Justice Department officials and the White House complained that Doughty’s widely worded injunction barring various officials and agencies from discouraging social media companies from hosting First Amendment-protected content was difficult to implement and it could lead cautious federal officials to refuse to deal with companies like Facebook, Twitter and Google.
Doughty’s order included exceptions for various categories of content including criminal activity, signs of malicious computer activity, and threats to safety or public safety, but DOJ attorneys said those categories were ill-defined.
The stay – albeit temporary – underscores that Doughty’s ruling is unlikely to be the last word on an issue that has enlivened the political right. House conservatives questioned FBI Director Chris Wray about the ruling during a hearing on Capitol Hill Wednesday.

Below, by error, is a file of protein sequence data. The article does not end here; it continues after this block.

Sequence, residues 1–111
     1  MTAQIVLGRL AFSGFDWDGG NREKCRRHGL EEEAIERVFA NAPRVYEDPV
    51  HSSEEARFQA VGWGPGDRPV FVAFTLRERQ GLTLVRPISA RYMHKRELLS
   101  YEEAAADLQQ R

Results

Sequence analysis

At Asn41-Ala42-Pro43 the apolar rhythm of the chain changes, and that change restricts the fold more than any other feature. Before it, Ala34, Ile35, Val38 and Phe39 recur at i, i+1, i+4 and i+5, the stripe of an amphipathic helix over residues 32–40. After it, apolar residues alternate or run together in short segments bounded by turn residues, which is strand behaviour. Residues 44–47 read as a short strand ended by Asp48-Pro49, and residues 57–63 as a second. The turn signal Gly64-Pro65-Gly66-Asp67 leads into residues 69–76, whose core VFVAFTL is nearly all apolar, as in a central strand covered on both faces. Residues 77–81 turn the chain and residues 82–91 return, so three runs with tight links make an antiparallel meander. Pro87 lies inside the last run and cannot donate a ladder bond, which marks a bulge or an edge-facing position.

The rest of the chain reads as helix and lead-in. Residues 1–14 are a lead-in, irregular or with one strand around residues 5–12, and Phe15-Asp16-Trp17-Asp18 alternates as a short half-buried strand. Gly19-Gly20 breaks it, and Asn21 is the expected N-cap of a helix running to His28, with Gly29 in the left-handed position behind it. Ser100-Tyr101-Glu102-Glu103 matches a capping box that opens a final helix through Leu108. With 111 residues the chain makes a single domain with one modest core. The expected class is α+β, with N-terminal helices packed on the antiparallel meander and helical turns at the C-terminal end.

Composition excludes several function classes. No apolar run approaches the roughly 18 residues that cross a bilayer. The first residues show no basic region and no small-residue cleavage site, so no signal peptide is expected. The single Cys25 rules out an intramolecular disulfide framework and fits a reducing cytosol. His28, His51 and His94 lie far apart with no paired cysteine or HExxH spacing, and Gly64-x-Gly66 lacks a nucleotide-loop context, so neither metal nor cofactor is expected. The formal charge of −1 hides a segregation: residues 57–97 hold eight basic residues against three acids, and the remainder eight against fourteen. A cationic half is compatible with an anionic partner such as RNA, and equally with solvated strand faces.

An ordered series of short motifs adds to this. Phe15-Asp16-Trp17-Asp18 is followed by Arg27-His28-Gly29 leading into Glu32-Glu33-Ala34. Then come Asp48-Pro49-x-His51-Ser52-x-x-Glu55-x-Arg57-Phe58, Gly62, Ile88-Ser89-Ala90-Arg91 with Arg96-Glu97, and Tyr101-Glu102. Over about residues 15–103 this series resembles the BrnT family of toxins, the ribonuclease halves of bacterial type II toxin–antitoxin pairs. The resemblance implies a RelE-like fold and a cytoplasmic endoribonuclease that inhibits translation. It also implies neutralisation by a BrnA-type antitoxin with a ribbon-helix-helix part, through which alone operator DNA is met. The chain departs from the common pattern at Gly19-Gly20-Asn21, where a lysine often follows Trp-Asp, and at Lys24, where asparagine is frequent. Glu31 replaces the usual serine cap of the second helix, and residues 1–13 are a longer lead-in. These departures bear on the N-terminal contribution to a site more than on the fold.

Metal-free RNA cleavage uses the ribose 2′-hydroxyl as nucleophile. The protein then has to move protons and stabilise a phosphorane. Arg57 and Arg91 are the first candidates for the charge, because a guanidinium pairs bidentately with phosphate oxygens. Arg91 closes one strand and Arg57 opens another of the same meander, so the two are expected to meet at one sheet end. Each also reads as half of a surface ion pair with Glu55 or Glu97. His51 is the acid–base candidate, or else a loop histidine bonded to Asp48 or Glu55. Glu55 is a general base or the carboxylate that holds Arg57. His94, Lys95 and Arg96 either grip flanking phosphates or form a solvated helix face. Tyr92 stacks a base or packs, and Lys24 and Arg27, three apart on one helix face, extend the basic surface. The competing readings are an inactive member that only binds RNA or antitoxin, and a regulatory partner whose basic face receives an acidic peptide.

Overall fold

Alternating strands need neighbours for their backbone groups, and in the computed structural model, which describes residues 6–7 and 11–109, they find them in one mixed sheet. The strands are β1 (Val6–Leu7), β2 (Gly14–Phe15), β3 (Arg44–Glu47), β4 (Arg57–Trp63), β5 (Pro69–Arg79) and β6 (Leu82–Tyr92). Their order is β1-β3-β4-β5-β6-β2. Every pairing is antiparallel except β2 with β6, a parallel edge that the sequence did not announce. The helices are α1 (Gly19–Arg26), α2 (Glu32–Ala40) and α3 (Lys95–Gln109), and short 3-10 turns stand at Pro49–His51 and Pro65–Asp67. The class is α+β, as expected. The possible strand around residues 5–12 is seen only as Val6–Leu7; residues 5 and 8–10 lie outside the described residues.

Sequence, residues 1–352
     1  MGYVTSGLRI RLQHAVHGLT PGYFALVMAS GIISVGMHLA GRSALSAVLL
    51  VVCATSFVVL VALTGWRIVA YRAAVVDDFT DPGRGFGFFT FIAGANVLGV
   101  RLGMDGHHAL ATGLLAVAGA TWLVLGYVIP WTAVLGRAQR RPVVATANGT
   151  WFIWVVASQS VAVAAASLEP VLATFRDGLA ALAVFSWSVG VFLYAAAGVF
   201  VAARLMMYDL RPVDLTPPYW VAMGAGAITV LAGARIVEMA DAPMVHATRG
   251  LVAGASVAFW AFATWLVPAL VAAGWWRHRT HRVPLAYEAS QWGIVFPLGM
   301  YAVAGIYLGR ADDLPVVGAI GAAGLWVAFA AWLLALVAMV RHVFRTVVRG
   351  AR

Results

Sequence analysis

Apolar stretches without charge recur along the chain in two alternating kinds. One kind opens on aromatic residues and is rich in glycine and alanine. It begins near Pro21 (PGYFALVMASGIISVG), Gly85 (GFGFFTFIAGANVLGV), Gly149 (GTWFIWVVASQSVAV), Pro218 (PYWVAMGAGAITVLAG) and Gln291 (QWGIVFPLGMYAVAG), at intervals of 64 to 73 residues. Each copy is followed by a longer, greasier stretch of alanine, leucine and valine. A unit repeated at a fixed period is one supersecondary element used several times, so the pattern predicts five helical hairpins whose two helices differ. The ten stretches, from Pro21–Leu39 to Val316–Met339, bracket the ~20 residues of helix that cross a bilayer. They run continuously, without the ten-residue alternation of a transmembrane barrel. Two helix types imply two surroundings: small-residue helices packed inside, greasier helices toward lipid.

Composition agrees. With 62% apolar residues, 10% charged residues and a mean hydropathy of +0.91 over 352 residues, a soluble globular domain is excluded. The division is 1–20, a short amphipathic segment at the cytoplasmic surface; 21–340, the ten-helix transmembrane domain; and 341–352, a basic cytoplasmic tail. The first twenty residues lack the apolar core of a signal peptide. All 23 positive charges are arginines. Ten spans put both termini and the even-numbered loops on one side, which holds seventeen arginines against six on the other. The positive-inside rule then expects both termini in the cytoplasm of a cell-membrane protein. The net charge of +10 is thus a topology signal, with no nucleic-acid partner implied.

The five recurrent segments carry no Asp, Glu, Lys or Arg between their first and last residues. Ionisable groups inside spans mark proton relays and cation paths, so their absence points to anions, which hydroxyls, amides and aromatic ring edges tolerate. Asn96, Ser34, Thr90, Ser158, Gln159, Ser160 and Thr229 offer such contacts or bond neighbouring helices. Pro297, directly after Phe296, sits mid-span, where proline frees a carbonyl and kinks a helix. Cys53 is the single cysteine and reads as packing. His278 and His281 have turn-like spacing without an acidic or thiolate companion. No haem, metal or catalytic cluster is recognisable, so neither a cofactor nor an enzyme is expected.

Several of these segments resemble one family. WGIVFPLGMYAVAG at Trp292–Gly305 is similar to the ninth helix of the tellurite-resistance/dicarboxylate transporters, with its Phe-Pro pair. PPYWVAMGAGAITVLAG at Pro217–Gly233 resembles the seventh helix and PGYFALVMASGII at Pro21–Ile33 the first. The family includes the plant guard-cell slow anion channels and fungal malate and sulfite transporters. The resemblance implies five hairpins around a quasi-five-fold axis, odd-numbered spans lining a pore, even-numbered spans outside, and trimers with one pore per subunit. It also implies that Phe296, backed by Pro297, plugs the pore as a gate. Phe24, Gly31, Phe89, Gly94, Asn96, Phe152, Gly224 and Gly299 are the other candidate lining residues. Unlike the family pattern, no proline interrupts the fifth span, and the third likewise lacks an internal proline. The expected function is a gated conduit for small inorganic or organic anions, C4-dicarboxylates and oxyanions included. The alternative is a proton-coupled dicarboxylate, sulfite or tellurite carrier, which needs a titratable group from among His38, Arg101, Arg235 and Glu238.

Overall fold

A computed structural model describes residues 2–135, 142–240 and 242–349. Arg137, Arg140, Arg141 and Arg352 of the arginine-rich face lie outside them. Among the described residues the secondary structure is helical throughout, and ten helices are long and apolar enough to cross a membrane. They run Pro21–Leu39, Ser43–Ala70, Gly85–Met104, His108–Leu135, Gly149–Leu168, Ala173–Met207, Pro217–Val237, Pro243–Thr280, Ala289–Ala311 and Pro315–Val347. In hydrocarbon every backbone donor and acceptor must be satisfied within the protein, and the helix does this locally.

In addition, the subcommittee of the federal government’s House Judiciary Committee on Armament has scheduled a hearing for Thursday to discuss the lawsuit that led to Doughty’s order. Among the scheduled witnesses is Robert F. Kennedy Jr., a long-term candidate for the Democratic presidential nomination.
The appellate court order did not explain the reasons for granting what the court called a « temporary administrative stay » of Doughty’s injunction. The order on Friday was issued by Judge Carl Stewart, appointed by President Bill Clinton; Judge James Graves, appointed by President Barack Obama; and Judge Andrew Oldham, nominated by President Donald Trump.
Doughty, based in Monroe, Louisiana, is also a Trump appointee.